Stray Ghost: The Avalanche of Swollen Tongues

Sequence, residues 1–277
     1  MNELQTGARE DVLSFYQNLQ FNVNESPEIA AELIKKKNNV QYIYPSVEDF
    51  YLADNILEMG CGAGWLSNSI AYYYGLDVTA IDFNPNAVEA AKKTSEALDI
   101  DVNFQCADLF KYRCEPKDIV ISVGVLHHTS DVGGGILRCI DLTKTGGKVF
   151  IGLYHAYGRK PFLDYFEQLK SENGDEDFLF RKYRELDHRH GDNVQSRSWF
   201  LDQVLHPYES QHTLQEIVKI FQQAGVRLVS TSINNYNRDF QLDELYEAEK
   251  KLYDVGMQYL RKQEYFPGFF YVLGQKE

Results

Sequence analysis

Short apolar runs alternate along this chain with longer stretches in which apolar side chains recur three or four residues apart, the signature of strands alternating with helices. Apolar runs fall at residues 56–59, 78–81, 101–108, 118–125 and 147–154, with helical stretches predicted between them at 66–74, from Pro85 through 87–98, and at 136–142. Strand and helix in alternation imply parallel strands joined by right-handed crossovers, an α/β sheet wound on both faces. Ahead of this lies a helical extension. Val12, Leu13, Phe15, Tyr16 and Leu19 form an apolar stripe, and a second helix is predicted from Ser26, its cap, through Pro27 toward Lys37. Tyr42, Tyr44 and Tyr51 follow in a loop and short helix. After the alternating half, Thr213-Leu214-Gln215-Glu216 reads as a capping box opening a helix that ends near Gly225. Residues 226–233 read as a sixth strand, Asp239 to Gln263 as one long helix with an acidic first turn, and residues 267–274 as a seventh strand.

Anthony Saggers' Stray Ghost star is clearly rising. After issuing the well-received Losthilde in 2008 on Highpointlowlife Records, the Oxfordshire-born producer finds himself re-emerging with not one but two new collections. The wonderfully-titled An Avalanche of Swollen Tongues perpetuates the seething dark ambient style captured on Losthilde , while the EP Each Paradise is a Lost Paradise will form a precursor to Losthilde II, scheduled to appear on the Australian label Hidden Shoal in January 2010. There'll be no shortage of Saggers' blistering drones on offer in the months to come.The Dead Pilot release begins audaciusly with the title track, which opens the album on a whisper before shattering the quiet a minute later with a massive swarm of noise—“An Avalanche of Swollen Tongues” indeed. For twenty-three minutes, metallic ripples of convulsive noise swirl, and one feels as if one is trapped at the center of a cyclone, holding on to anything for dear life until the ferocious storm subsides. Saggers wisely lowers the intensity level in the following piece, “Grains and Waves,” by bringing down the volume level and reducing its contents to gently flowing masses of hazy washes and string tones. The track's ten-minute running time, however, allows room for an escalation to a more epic stratosphere to transpire halfway through. Elsewhere, Saggers unleashes the controlled, nightmarish howl of “The Liberation of Vision” for eight minutes, and pummels the listener into submission with the seething, mini-epics “High Rise” and “The End.” Such tracks ensure that no one will categorize Stray Ghost as ambient in the ‘wallpaper' sense of the word. Throughout the album, a decrepit and corroded character also asserts itself in a way that helps separate Stray Ghost from the competition.